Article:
Unfortunately, Adaware allowed PowerShell to run, and only raised the alarm when the file scanning layer detected the threat. We were still safe, this time, but only because Adaware recognized the file. If it was a zero-day threat, our system might have been infected.
As a follow-up, we pitted Adaware Antivirus Pro against our own custom ransomware simulator. As we had developed this, it wouldn’t be included in Adaware’s signature database, so the only way to spot it would be through behavior monitoring. Was the package up to the challenge?
Well, uh, no. We launched the simulator and watched as it spidered through a folder tree, encrypting thousands of test documents, without Adaware Antivirus Pro apparently noticing at all.
That’s bad news, and other packages have done much better. Bitdefender Antivirus Plus didn’t just detect and stop our simulator, for instance – it successfully recovered the handful of files it had managed to encrypt.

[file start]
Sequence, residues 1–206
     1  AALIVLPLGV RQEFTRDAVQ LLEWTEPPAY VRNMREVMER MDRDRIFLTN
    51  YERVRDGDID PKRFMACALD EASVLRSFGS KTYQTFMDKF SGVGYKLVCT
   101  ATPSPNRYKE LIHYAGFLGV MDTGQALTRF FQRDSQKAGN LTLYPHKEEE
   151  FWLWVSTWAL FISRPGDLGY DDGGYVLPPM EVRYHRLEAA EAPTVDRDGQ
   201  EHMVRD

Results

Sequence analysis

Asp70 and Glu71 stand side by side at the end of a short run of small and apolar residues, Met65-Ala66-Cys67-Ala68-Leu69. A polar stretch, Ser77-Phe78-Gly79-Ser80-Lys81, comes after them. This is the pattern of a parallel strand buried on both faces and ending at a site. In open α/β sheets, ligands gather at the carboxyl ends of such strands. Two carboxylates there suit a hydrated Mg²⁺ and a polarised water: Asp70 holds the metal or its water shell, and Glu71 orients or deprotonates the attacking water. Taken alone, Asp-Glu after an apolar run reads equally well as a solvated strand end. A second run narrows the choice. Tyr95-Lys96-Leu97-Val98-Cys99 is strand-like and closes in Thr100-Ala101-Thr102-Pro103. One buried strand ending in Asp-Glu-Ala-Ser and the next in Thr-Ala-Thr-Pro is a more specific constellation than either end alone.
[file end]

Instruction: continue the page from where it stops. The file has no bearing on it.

Still, our simulator wasn’t real malware, and so Adaware’s inability to stop it doesn’t mean it won’t protect against real world threats (VirusBulletin’s results already tell us it blocks almost all malware.) But it would help us – and you – to have more trust in the program’s abilities if we could see it regularly assessed by the main testing labs.
Adaware claims Antivirus Pro includes a spam filter, and its installed files include at least some of Bitdefender’s spam filtering module. There’s no sign of this in the interface, though, and the settings only mention scanning emails for ‘malicious content.’
A Network Protection module blocks port scans, and hides the presence of individual network adapters from others on the network. You can set up simple rules to define what individual applications are able to do online, or choose to block internet access by default, ensuring that nothing can connect to the outside world unless you’ve authorized it first.